The Mortgage Offer: When it all gets real

If you accept the official mortgage offer your chosen solicitor will begin work. It is their job to liaise with the vendor’s solicitor and put together the binding mortgage contracts. The timescales to complete this work vary and are out of our control but we do like to give the legal team a gentle nudge every now and again. 

The offer usually comes between a week and a month after you begin the application. You might think the solicitor could be getting on with something first, but they avoid that because the mortgage offer is the first real commitment from the lender that you can borrow the money.

Are we nearly there, yet?

Yes. After the mortgage offer, your solicitor/conveyancer will finish their work, checking legal stuff. Expect their bit to take a few weeks. Here’s a tip – give them a deadline. They might resist, but we see customers move quicker with a deadline. Also – tell them you want to exchange a week before you complete.

During the solicitor’s bit, you might agree a change to the price for some reason. Do come back to us and tell us straight away because we will need to get you a new offer prepared. You need the offer updated even if you negotiate the price down by £1!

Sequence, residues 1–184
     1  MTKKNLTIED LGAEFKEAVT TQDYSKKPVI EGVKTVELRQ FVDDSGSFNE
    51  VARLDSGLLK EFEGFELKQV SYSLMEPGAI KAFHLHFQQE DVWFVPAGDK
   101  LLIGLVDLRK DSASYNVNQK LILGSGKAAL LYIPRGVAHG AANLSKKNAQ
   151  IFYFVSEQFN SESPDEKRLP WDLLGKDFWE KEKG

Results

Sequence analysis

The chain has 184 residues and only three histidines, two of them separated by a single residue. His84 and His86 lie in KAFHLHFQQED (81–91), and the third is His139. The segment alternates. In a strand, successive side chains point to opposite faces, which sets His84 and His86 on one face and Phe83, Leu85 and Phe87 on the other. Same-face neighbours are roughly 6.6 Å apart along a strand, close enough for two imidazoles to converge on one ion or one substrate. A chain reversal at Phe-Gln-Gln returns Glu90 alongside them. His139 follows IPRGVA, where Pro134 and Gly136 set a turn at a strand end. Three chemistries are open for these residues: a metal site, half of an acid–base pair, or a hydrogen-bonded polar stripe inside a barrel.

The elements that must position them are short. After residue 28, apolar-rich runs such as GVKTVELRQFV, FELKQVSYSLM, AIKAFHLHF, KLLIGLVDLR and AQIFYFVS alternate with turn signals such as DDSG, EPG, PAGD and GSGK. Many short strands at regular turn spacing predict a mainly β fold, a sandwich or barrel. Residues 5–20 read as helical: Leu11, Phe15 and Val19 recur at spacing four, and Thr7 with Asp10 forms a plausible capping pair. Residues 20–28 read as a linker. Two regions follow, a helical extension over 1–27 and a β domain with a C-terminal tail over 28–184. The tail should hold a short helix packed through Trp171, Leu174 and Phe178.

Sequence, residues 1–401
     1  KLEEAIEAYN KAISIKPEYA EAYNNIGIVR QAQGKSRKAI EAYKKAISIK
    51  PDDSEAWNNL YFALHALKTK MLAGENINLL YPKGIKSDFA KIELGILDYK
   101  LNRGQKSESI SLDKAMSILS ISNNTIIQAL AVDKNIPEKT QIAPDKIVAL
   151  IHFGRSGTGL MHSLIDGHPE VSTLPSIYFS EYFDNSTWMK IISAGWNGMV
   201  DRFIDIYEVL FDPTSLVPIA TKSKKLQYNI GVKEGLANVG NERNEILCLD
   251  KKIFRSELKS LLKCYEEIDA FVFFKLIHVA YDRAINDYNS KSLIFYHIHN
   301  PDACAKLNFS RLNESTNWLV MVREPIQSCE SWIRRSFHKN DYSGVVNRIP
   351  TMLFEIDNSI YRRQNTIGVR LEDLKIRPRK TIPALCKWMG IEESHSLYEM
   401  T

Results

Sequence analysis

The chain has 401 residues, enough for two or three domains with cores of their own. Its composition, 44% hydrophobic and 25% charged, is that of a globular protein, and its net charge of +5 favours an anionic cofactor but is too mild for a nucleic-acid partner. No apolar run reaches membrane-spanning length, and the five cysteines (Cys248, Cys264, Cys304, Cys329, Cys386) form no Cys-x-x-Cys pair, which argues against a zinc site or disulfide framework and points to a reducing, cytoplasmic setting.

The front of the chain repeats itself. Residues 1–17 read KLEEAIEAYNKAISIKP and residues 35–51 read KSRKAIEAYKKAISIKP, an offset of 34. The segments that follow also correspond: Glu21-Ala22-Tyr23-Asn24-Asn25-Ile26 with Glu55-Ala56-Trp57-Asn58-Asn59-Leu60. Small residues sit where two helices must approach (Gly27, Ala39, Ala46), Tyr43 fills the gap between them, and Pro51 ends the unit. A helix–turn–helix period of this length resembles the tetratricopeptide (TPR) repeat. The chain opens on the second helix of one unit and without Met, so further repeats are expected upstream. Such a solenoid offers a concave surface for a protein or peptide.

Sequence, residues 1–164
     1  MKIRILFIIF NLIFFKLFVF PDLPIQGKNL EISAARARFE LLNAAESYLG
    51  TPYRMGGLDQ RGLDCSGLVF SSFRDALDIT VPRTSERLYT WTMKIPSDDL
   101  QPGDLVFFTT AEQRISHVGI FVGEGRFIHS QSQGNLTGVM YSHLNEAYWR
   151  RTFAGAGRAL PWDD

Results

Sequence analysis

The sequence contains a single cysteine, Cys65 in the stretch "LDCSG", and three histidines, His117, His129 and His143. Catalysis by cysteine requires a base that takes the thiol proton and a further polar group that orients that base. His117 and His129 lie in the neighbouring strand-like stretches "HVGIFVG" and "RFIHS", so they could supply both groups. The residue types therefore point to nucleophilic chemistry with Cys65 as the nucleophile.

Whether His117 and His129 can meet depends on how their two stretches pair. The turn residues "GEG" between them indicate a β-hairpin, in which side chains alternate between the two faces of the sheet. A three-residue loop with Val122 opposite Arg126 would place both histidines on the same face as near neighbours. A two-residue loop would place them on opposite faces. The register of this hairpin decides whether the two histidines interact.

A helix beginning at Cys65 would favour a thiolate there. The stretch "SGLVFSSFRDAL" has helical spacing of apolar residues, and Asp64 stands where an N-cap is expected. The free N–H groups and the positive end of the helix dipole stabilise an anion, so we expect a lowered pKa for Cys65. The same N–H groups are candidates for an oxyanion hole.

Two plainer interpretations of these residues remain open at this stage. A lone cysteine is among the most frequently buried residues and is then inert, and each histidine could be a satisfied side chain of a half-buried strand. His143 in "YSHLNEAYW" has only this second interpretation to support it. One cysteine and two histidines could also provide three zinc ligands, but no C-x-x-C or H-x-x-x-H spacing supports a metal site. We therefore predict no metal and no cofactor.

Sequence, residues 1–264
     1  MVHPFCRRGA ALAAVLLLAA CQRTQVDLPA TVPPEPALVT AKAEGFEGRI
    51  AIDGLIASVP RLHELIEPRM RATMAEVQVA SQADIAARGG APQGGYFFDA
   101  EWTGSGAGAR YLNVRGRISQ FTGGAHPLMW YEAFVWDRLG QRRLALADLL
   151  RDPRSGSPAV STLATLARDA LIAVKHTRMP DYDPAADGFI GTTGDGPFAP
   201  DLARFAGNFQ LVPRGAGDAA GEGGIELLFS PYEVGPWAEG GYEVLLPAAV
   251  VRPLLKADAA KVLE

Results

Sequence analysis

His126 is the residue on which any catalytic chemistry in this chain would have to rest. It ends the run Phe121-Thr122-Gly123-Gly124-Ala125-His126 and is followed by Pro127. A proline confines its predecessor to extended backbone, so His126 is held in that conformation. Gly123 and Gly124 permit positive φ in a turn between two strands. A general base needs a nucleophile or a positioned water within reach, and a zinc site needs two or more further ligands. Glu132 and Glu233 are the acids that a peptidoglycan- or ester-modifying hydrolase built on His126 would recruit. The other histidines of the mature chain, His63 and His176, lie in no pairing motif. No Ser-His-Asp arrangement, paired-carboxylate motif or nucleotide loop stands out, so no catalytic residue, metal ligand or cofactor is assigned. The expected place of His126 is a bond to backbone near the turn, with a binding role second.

Your home may be repossessed if you do not keep up repayments on your mortgage.

There may be a fee for the mortgage advice, the amount will depend upon your circumstances. The fees for our advice and service range from £zero if we are advising you on a new mortgage product from the same lender and the lender pays us, and typically the lender pays quite a lot of our £1,150 fee so there could be only £150 from you.

Helen

Here's a little more about our team

Q: What part of the financial planning work do you look after?

A: I manage the Client Support team on a day to day basis, helping to monitor workloads to ensure timescales are met and that the customer is always happy and are informed of progress. I also conduct product research, process all pensions and investment new business and everything else that Flora doesn’t have time to do or doesn’t like doing (it’s a long list)!

Q: What professional achievement are you most proud of?

A: I’ve been in financial services for 15 years, achieved some of the industry qualifications including the Certificate in Mortgage Advice and I am working towards the Diploma in Financial Planning.

Q: Where would you be right now if you weren't at work?

A: At home with Matt, Jake and Lola (dog) or on an adventure watching downhill biking. 

Q: In the film of your life, who would play you?

A: If Jake was female I would choose him, he knows me the best and is a mini me! He has my special power of memory!

Q: Curry or Hot Pot?

A: Curry, even though I’m from Lancashire and should choose Hot Pot

Q: Sherbert or Chocolate?

A: Chocolate, although much less often these days

Q: Lawn or Flowers?

A: Flowers, I’m usually rubbish at keeping them but my greatest achievement is successfully growing poppies this year from seeds my mum first planted over 30yrs ago.

Q: What are you most likely to do whilst being 'on hold'?

A: Read the endless amount of emails that have come in whilst I have been on hold!